Keeping this in mind, it is important that consumers do not rely solely on Medicare’s rating system. Medicare mostly rates safety, not general quality.  Here are examples of two key components in the rating system that can be oversimplified and consequently flawed:

  1. Staffing: Patient/staff ratios can be helpful, but are not always an ample statistic when standing alone.  While Medicare only provides this ratio, several other key factors are being overlooked: staff morale, turnover or training.
  2. Falls: Oftentimes, a nursing home with fewer reported falls is considered a better choice than one with more.  However, it’s easy to skew these statistics since nursing homes might restrict residents’ freedom in order to restrict the risk of falling. Seniors might prefer a facility with a higher fall rate than one that keeps patients from moving at all.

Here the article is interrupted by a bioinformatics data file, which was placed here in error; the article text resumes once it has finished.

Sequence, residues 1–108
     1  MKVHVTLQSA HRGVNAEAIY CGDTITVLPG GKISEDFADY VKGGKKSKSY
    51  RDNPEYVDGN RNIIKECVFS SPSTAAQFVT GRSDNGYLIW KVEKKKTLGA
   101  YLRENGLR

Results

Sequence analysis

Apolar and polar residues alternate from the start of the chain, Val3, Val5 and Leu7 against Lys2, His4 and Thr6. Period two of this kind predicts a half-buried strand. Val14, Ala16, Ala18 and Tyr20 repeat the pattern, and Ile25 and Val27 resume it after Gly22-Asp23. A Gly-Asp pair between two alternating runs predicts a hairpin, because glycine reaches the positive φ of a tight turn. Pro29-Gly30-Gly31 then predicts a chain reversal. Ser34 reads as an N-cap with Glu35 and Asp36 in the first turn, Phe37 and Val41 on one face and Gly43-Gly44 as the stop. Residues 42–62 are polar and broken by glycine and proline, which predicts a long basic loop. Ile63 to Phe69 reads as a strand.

As you can see, there’s more to these Medicare reviews than meets the eye.  Oftentimes, its reviews and the statistics offered are not enough to make a sufficient judgment on a facility.

Beyond the Medicare rating system, seniors and consumers can do some investigating of their own. Talk to residents of the nursing homes you’re considering and their families; visit the facilities in person; talk to the nurses and aides who provide the hands-on care; check the local ombudsman office for complaints. 


Monday, August 18, 2014

Financial Exploitation is the Most Common Form of Elder Abuse

Unfortunately, financial exploitation of older adults is a serious and all-too-common problem. We actually wrote about it previously in a two-part series in the Caregiver Chronicle in March and May of this year.

Aug. 6 in the Journal of General Internal Medicine revealed some troubling statistics about the abuse of senior citizens.

Researchers interviewed more than 4,000 adults over the age of 60 living in New York. They found:

  • As many as one in 20 older adults in the U.S. may be financially exploited.
  • Most older adults have had their money or property stolen or used improperly at some point.
  • Roughly 80 percent of those interviewed had money or property stolen or misused over the past year.